The ever-increasing demands of consumers require companies to be more attentive and to offer a range of services with highly added product value. Customers, for example, want to be able to return items in their preferred way, regardless of the purchase channel used initially. E-commerce has increased considerably the number of customer returns (size problem, color, etc.), and the quality of returns management has quickly become a competitive advantage: free return, immediate refund, nearby pickup points, etc.
It is imperative, therefore, to be able to put these products back on sale as soon as possible to:
Be cautioned, however, that the management of these returns can quickly become a real problem for all distributors, from a logistical and financial point of view.
The Golden Rules for Optimal Returns Management
Have at your disposal automated technological tools, enabling:
Benefit from efficient logistics for:
Using appropriate technology optimizes the downtime of returned items and offers new services to their end customers (e.g. product return). Distributors also benefit from a new lever of profitable growth. They will have more flexibility and, as a result, will be more competitive, since they are able to respond to the new demands of retailers.
What is a partial delivery? Among the new customer requirements and delivery constraints, the option of being able to deliver orders partially is a real plus. A partial delivery makes it possible to deliver the same order in several times. Each delivery generates an invoice. The price charged will be the one on the day of your order. A single sales order is therefore sufficient.
How does the customer benefit from receiving partial deliveries?
Why does your small business need to know how to handle partial deliveries?
Example : Slippers distributor
Suppose you sell different kinds of slippers to a network of retail stores. As a distributor, you buy your slippers from an Italian supplier. One of your customers, a retailer, orders a large quantity from you because it enables them to benefit from preferential rates. On the other hand, the production of certain color models is delayed and it is, therefore, not possible to deliver the whole order.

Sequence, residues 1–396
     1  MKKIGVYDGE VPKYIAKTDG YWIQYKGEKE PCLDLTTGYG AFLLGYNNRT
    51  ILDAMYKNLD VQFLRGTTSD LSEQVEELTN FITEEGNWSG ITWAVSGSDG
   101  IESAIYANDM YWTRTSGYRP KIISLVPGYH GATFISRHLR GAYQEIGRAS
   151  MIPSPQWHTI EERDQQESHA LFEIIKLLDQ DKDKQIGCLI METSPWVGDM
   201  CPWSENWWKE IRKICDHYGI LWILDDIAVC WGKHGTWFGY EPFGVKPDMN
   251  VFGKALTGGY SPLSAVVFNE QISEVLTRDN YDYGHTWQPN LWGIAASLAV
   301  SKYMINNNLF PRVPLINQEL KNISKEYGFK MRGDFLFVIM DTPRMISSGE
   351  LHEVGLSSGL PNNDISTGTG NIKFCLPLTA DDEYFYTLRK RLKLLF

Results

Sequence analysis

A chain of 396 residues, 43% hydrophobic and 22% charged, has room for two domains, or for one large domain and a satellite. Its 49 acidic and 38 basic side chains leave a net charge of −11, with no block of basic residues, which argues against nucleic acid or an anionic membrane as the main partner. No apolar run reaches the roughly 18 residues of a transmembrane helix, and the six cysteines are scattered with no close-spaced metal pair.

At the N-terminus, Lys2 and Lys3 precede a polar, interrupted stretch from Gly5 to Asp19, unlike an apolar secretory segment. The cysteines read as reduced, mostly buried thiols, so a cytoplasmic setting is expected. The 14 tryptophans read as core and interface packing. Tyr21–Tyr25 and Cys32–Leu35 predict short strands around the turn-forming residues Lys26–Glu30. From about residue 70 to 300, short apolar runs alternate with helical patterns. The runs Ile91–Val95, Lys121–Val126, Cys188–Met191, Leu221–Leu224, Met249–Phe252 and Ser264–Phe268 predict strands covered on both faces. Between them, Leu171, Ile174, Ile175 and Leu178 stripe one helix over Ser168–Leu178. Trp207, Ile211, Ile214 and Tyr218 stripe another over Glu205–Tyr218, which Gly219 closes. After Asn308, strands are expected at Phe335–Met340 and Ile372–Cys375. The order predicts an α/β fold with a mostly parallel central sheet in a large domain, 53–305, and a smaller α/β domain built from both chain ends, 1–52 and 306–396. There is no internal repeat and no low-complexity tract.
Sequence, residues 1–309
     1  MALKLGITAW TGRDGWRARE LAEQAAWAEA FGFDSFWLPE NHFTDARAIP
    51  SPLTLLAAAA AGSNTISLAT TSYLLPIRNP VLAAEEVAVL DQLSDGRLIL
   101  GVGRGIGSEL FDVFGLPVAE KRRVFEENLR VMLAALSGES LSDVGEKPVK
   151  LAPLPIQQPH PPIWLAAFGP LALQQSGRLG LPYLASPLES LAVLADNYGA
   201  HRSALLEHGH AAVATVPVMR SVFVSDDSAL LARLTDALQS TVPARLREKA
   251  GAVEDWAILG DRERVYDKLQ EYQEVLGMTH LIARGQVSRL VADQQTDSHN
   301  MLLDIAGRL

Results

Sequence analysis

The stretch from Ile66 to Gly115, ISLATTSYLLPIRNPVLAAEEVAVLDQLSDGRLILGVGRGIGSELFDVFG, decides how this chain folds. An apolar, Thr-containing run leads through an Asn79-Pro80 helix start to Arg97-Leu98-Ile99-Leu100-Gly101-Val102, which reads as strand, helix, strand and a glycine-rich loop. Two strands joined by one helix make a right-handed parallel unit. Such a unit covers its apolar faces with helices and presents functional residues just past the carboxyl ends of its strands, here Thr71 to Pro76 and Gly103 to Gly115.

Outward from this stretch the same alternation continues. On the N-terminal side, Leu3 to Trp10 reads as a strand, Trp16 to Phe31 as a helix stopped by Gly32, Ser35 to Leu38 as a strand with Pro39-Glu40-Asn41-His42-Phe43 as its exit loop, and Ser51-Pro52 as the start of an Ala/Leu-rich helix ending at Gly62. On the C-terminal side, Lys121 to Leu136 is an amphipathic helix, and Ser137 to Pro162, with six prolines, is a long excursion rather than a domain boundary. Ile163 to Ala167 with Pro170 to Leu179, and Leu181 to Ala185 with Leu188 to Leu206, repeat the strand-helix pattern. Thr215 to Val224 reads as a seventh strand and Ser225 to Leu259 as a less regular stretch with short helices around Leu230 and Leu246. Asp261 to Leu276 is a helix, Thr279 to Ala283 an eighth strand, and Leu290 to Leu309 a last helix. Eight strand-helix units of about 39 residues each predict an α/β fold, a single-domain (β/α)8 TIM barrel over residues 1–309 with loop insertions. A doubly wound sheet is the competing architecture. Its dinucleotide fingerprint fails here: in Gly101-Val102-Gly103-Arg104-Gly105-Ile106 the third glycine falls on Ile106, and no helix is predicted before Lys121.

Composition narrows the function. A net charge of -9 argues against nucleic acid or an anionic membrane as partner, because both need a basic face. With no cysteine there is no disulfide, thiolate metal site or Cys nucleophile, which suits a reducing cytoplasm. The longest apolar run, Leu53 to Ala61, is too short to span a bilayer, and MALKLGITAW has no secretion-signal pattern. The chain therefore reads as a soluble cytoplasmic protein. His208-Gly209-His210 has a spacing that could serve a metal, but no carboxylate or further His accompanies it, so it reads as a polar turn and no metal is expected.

By mutual agreement, deliveries can be staggered according to your supplier's production schedule, and the customer can receive his order on several dates. In this way, he can start selling and spread out his payments. On your side, it prevents you from keeping the stock too long and incurring storage costs. You are also able to invoice your customer immediately.
The constraints of partial delivery:
Partial delivery might seem simple to implement but, in reality, the process is relatively laborious. It requires:
Remember that partial delivery requires a powerful inventory management software or ERP software, such as erplain, because partial deliveries are often a source of errors if they are managed manually or with an unsuitable tool.
How consignment sales work
When you are a small business marketing a new product, it is sometimes difficult to find a retailer or a wholesaler willing to take the risk of investing and buying even in small quantities. So, how can you give your product a chance and still enable it to be on the shelf?
Selling products on consignment means that your products are shipped to a customer who only pays you if the merchandise is sold. The retailer is called the consignee and has the right to return the unsold merchandise to you without further obligation on his part.
On the one hand, poor product visibility is not ideal, nor is the fact that the store incurs no financial risk and they may not try to promote your goods. On the other hand, consignment has the merit of exposing your products to the end customer—a scenario that is better than products locked away in a warehouse.
The bottom line: It's up to you to encourage customers to buy.
Entrepreneurs should not hesitate to change their vision of the logistics aspect of the company, and they should no longer assimilate it to transport alone, which is still often the case.
By better controlling the different aspects in the supply chain, a small business owner can exercise better strategies to improve growth and customer retention. Hence, a wholesaler is able to develop a real competitive edge that supports customer relationships and satisfaction—keys to success!